Food and Cooking, Photography, Uncategorized

Foto Friday No. 5

I’ll keep it simple here. Mainly because I’m already feeling like it’s time to climb into bed, but also because that’s what this soup is.

I had come home from the grocery store today planning on making up in advance some smoothies and kale salads to fuel the crazy week ahead. (To avoid a repeat of this past week, when I mostly ate cookies, apples, and cereal.) But I was in a mood where I just wanted to use up all the old food in the fridge, so I decided to tackle the crisper drawer-full of random CSA root veggies which we’ve been avoiding. Things like celeriac and rutabaga. Seriously. What do you do with these things??



I, for one, whipped up this soup. I’ve put a recipe below, but t’s really more of  a guideline. I’m sure you could sub in parsnips or potatoes, or maybe even turnips for the rutabaga. Herbs are optional and customizable, and I’m definitely not one to be particular about apple varieties.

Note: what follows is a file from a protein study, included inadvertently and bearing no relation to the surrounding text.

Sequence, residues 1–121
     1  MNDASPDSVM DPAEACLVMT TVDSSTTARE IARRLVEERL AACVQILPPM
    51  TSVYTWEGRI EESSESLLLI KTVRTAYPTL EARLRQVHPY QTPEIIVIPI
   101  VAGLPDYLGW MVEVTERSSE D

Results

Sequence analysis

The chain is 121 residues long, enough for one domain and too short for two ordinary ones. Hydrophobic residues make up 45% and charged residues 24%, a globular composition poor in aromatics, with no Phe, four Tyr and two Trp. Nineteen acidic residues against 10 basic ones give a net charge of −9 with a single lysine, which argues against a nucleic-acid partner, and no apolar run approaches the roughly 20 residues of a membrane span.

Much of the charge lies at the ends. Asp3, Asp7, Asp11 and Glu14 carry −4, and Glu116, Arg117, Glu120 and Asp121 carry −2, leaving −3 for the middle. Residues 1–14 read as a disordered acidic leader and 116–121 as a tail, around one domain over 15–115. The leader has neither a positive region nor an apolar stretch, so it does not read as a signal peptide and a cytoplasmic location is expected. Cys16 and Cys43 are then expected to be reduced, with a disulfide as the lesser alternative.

This soup is slightly sweet, creamy and hearty, but not heavy. It’s simple, good, real food–completely unassuming. It’s pictured below with Wasa crackers, but some fresh bread would have been delicious.







Celeriac, Rutabaga, and Apple Soup

makes approx. 4 servings


olive oil

1 medium onion

2-3 cloves of garlic

1 celeriac

4 rutabagas

2 apples

4 cups of vegetable stock

1/2 tsp. dried Italian herbs

salt & pepper to taste

parsley for garnish, optional


1. Heat a stock pot with a few glugs of  olive oil over medium heat. Add chopped onion, and sauté until golden. Add minced garlic, and stir in with onion for about 30 seconds. Make sure to not overcook at this point, or the garlic will burn which really ruins an entire dish. I speak from multiple experiences.

2. Add diced celeriac, apples, and rutabagas to the onions and garlic. Pour in vegetable stock, and add herbs and salt and pepper. Stir it all together, and cover the pot.